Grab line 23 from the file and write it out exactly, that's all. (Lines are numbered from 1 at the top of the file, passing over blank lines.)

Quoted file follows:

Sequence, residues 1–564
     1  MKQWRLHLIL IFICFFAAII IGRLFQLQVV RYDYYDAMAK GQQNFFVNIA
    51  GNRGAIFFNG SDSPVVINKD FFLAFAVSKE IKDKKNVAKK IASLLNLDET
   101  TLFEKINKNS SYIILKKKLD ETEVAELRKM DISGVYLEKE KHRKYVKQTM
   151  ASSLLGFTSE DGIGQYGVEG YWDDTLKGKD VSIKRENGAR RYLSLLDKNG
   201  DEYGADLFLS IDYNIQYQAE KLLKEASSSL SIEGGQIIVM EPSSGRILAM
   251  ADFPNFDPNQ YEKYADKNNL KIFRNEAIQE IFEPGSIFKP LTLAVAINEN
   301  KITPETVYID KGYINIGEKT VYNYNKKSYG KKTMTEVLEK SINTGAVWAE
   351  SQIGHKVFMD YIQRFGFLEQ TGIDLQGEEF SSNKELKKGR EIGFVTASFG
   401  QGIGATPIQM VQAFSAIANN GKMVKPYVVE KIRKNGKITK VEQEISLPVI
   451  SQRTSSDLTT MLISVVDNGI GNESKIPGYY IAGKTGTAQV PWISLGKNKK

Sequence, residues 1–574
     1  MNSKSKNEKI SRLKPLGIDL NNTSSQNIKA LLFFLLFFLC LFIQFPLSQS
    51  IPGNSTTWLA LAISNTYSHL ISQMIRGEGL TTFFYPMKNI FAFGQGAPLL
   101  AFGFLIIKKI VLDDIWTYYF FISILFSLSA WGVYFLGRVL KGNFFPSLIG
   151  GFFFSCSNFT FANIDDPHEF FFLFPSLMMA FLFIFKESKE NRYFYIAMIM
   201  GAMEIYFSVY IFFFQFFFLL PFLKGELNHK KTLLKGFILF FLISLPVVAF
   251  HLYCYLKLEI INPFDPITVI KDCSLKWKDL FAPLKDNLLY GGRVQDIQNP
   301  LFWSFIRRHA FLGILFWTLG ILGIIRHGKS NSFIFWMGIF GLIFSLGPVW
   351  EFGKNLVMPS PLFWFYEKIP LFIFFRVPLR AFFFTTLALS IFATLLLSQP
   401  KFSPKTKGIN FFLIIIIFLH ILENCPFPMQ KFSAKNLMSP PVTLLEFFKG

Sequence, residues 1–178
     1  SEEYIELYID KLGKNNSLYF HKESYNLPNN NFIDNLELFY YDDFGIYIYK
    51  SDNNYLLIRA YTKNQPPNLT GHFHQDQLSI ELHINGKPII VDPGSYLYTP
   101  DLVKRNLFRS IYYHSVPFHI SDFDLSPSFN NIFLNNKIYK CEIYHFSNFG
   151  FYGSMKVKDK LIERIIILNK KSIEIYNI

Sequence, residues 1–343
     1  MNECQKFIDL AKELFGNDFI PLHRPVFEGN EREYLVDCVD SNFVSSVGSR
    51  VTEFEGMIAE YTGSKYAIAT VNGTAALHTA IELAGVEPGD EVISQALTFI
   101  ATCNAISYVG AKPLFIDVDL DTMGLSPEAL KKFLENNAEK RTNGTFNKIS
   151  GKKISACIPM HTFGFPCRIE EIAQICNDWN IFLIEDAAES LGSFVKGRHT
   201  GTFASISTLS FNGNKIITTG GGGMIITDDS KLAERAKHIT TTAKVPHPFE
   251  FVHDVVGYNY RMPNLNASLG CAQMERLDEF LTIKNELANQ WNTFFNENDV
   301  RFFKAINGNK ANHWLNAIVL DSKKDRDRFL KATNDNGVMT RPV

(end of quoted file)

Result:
     1  SEEYIELYID KLGKNNSLYF HKESYNLPNN NFIDNLELFY YDDFGIYIYK